Monday, May 28, 2007

Massage as Treatment

Such a lovely woman. I'm abashed, as I work; altogether too pretty a young woman for me to be laying my hands upon. I've not felt exactly this way before. I'm missing my stride. Distracted by a beauty that doesn't quite add up.

She wanted me to do the trigger-points in her rhomboids, but I wander over her body, lingering at the feet, knowing that this sort of soothing massage is not what she asked for, though I'm convinced it's what she needs. Her unhappiness doesn't live in her upper back or neck. It lives here, in her feet and her ankles. But I don't think she knows that.

Who knows whether I'm right. Possibly she just seems so young and vulnerable that I'm reluctant to hurt her.

I don't like telling a bodyworker where to work on me. It's not as if there's some treasure-hunt going on, as if they need to find the only bit of my body that needs work. It all needs work. I want people working on me to read my body for the first time, and come up with their own interpretation. "Follow your hands," I say. I can work my own rhomboids, if need be. I don't want my own take on my body. I already have that. I want theirs.

I grow daily less satisfied with the treatment model of massage. Soft tissue manipulation helps with some problems, sure. Occasionally it helps spectacularly. But really what will relieve the tension in your neck and shoulders is not a monthly, a weekly, or even a daily massage. What will relieve it is changing the way you work, the way you move, the way you rest. What massage can do is bring your attention to your body, in a loving context. Fixing it is up to you.

People forget. They hold so much tension so long they can't even feel it as tension. They restrict their own motion for so long that they forget some of the ways in which their bodies can move. Our job is not to fix that. Our job to draw their attention to it, so they can fix it.

The other day, in class, I was practicing an intake interview with Andrea. Her traps, scalenes, and levator scap were stiff, especially on the left. "Show me," I said. "Here, this is your desk. Sit at it and show me how you work." She sat in the chair, and to my astonishment, torqued herself halfway around, craned her head to the left, looking up at an imaginary monitor, and stretched her hands down to the right to an imaginary keyboard. It made my neck ache just to look at it.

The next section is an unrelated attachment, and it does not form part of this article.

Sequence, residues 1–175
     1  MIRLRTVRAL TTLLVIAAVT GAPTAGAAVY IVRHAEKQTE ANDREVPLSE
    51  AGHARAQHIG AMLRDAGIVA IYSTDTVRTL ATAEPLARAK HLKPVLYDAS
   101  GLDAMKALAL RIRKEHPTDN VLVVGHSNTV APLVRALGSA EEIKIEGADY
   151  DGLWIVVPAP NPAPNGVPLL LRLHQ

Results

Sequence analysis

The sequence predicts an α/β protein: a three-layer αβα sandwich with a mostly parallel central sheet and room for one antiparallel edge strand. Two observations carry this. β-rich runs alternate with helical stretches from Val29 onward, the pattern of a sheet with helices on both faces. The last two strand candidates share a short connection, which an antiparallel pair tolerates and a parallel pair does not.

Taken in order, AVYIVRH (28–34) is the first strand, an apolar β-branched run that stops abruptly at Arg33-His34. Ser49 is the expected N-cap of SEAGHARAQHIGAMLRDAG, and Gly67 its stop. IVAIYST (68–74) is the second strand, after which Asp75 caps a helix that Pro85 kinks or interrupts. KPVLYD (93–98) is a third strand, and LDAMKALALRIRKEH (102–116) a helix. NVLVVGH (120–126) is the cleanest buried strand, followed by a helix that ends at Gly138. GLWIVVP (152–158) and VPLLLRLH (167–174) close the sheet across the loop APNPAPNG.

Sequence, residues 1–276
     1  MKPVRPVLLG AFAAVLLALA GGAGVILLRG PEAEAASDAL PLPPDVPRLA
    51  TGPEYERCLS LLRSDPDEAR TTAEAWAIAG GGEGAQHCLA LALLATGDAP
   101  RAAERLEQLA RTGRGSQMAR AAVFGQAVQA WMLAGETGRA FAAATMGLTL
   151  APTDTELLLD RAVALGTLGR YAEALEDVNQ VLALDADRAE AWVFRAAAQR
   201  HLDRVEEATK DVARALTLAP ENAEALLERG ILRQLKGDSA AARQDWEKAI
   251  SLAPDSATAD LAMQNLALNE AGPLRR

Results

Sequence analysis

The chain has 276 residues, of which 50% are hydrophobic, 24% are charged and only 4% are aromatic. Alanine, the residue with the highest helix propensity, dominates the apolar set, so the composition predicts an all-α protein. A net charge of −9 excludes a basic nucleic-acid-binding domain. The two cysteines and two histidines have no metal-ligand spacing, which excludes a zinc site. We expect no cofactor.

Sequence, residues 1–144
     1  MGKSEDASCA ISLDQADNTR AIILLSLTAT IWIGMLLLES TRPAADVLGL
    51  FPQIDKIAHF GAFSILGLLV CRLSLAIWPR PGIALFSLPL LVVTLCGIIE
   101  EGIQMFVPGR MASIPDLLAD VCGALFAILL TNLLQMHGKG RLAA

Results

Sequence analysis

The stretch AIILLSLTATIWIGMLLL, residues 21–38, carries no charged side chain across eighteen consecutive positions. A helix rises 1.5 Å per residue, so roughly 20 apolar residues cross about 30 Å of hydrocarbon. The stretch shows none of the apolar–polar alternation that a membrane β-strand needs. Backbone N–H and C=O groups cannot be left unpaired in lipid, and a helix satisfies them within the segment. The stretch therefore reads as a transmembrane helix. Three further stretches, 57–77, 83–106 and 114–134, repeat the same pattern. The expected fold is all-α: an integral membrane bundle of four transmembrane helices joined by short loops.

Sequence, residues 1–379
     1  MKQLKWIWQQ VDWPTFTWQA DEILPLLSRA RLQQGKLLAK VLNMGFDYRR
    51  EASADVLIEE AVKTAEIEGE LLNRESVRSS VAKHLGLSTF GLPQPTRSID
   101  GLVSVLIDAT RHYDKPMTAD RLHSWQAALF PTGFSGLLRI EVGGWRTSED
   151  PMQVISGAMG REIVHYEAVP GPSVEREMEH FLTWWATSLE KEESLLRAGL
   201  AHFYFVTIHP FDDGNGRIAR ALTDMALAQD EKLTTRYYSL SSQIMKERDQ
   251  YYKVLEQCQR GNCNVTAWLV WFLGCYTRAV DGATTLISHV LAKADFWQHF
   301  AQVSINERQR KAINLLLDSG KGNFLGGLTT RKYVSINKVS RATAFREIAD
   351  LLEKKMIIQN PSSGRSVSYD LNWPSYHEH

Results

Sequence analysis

I had to laugh. She looked a little shamefaced. "I know, I should get them to fix it."

And this is someone who's spent the last six months studying muscles and body mechanics. But I do it myself. It's taken me weeks to realize that there's a very simple explanation for my shoulder trouble. It began when I started my new job, working at a keyboard with no elbow support. Have I fixed it? No. Is my shoulder getting better, with twice-weekly excellent massage? No. And it's not going to, unless I get a chair with arms.

I'm not quite sure where this leaves me as a bodyworker who's going to have to be peddling his services in a few months. People want to believe you can fix their bodies in a pleasant, soothing sixty minutes, and they'll pay you good money for that. But I don't think I can market myself that way. Massage is good for people, in a number of ways. I can rattle off the benefits of improved blood circulation and lymph drainage, the increased seratonin levels and lowered blood pressure, with the best of them. But an hour's exercise is probably better for you than an hour's massage, frankly, for all of those things. The sort of massage I want to practice -- the 90-minute, leave-your-conceptual-mind-behind kind -- is really, as a medical intervention, a pretty poor bargain.

I love massage. When I was a rich programmer, and could afford it, I got it regularly, sometimes as often as once a week. I never questioned whether it was worthwhile, anymore than I question whether eating or sleeping is worthwhile. What I find difficult to understand is how people live without it.

Well, that's fine for someone on the receiving end. You don't need to know any more than that. But for someone on the giving end, understanding it is more urgent. I have some thinking and reading and asking to do.
A Different Place

When I walk in the nearby fields I can see the ancient granite ridges, blue silhouettes in the west against the setting sun. That's Wales, people tell you as a visitor. A different place.

Mary has quietly reappeared, in the borderlands. Which makes me very happy.

Saturday, May 26, 2007